My Life With Things, Dr. Elizabeth Chin looks at how consumption resonates with personal and social meaning.
Elizabeth centers the book on diary entries that focus on everyday items—kitchen cabinet knobs, shoes, a piano—and uses them to intimately examine the ways consumption resonates with personal and social meaning: from writing love haikus about her favorite nail polish and discussing the racial implications of her tooth cap, to revealing how she used shopping to cope with a miscarriage and contemplating how her young daughter came to think that she needed Lunesta.
We asked Elizabeth what motivated her to write her newest book. This is what she had to say:
"I have never had a lot of patience for the stuffier side of academic life. With this book, I wanted to write something that was accessible and personal, yet equally guided by my training as an anthropologist. I went about as personal as it can get, deciding to do an autoethnography of my own consumer life. There were many things that spurred me to take this approach, probably the the most influential being my feeling that a great deal of academic critiques of consumption amounts to academics casting judgement onto just about everybody else, without admitting they are caught up in it themselves. It would be easy to call it hypocrisy and move on. What I wanted to do, though, was to document, through myself, the huge range and complexity of every day consumption. Part of my goal here was to expose how compelling stuff is, which I suppose helps to explain why it’s hard to get rid of once it starts piling up. I also wanted to do more that dismiss consumption as surfacey and against true human connection. Yes, it’s that. But it is not ONLY that.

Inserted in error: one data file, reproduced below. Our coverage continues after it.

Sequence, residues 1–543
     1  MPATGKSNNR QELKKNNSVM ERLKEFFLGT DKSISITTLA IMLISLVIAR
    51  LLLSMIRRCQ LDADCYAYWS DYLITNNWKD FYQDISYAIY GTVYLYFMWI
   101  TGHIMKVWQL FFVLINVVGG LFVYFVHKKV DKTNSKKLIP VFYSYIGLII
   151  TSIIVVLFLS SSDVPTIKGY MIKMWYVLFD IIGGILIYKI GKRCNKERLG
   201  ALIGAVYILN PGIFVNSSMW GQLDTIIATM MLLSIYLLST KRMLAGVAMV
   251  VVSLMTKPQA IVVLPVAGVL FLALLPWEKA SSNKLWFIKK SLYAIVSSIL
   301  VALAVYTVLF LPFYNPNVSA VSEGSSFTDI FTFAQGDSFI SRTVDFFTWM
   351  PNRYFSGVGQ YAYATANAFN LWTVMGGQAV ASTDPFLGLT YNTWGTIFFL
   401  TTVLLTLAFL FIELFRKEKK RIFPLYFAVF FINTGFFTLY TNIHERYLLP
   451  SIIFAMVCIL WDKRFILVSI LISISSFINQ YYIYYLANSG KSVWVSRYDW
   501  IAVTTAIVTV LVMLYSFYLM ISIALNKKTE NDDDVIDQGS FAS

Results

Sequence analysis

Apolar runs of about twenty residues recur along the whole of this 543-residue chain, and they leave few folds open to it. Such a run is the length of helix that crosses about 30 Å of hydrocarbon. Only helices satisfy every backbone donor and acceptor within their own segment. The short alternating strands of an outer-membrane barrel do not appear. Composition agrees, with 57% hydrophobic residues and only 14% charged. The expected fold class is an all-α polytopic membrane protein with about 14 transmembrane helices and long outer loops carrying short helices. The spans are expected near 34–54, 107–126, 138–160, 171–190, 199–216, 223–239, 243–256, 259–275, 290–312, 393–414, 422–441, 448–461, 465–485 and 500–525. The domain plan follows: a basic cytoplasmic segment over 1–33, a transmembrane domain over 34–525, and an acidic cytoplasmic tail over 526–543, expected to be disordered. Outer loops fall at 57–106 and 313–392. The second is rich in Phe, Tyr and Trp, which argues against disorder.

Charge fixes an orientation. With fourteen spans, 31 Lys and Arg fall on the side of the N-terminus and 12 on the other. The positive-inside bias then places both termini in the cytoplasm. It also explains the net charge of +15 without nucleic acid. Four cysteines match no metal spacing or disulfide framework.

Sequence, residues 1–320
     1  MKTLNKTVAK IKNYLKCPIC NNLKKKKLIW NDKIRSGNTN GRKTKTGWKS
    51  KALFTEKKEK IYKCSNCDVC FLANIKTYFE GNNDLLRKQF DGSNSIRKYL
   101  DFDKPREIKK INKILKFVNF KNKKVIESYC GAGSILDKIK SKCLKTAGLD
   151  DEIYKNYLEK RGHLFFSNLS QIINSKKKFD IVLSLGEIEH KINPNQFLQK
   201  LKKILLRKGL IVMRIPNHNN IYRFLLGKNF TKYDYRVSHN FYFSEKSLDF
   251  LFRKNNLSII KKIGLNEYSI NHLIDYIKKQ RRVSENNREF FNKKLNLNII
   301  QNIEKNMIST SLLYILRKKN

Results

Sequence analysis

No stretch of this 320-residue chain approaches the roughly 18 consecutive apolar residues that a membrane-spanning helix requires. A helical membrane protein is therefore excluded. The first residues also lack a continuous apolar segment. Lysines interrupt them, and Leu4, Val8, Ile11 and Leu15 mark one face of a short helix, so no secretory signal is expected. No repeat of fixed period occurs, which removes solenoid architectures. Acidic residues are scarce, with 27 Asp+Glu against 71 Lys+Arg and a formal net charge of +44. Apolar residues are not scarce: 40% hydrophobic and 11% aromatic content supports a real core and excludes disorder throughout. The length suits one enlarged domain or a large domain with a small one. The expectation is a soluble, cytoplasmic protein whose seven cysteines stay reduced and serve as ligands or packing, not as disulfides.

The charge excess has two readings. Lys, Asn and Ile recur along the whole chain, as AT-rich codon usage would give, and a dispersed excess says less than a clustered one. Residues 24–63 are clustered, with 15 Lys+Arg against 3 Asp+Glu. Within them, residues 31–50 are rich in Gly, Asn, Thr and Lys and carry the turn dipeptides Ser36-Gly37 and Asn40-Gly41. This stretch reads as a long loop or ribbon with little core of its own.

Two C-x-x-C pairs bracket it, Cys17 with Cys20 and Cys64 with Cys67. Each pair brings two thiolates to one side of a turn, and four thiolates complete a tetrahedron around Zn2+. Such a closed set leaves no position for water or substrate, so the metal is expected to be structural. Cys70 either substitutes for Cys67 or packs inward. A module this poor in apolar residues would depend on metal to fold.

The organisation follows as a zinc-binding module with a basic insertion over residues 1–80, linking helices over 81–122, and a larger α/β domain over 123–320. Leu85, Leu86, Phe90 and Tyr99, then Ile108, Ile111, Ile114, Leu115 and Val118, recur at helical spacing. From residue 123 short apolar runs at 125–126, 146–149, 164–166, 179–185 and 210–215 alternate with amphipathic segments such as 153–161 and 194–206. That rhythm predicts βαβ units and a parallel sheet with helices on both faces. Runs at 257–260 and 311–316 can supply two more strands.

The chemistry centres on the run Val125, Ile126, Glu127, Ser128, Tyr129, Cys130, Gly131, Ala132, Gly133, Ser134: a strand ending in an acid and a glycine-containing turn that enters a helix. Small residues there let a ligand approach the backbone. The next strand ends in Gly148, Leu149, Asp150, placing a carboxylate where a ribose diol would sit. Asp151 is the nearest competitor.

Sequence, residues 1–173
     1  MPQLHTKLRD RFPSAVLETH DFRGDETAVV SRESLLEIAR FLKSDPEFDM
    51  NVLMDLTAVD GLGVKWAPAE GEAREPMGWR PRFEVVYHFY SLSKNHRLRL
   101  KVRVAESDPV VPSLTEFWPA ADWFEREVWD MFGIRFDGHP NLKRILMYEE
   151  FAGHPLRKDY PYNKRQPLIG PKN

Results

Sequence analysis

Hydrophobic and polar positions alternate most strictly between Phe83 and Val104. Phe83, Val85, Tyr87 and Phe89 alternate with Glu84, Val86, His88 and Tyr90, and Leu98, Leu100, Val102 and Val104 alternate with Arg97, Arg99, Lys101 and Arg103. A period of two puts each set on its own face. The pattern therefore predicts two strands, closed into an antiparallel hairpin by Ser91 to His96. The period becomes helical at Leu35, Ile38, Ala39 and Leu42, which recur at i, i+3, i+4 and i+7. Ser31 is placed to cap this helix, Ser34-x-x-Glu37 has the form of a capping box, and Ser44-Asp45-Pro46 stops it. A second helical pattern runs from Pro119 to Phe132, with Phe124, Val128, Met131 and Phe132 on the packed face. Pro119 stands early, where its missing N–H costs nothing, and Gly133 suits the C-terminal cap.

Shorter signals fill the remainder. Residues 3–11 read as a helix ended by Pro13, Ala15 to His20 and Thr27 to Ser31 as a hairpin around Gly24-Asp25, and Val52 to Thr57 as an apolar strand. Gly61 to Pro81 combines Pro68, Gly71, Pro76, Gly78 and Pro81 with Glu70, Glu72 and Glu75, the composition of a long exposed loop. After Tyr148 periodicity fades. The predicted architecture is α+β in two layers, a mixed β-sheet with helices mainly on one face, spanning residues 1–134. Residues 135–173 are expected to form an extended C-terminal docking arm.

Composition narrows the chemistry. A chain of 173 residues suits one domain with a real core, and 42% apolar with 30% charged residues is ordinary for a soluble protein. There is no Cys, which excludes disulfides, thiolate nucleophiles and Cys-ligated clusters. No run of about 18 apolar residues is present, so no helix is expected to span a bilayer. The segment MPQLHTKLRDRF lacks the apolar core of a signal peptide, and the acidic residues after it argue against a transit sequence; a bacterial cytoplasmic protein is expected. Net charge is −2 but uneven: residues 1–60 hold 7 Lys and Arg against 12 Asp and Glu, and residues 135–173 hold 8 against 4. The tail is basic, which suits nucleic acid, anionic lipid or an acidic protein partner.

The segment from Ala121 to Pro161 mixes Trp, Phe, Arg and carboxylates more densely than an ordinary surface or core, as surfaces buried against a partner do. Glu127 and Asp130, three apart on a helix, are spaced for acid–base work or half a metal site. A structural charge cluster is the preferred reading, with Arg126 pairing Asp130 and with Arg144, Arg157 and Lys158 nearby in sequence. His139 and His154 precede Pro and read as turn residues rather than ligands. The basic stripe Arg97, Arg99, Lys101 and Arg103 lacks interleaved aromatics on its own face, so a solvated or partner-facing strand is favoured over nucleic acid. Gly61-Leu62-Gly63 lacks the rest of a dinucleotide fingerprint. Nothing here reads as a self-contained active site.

Along the way I found myself reflecting quite a bit on the life of Karl Marx and his family, so the book also includes sections where I try to figure out what his consumer like was like. It was a mess. Equally fascinating was the opportunity to cast his historical moment, against our own, to take stock of how different these moments are, and to contemplate the force and breadth of change on the planet at these two turning points.
It was a scary and exhausting book to write. The long period of self-observation was frequently quite painful and unpleasant. I learned things about myself that perhaps I would rather not know."
My Life With Things is available at Duke University Press.
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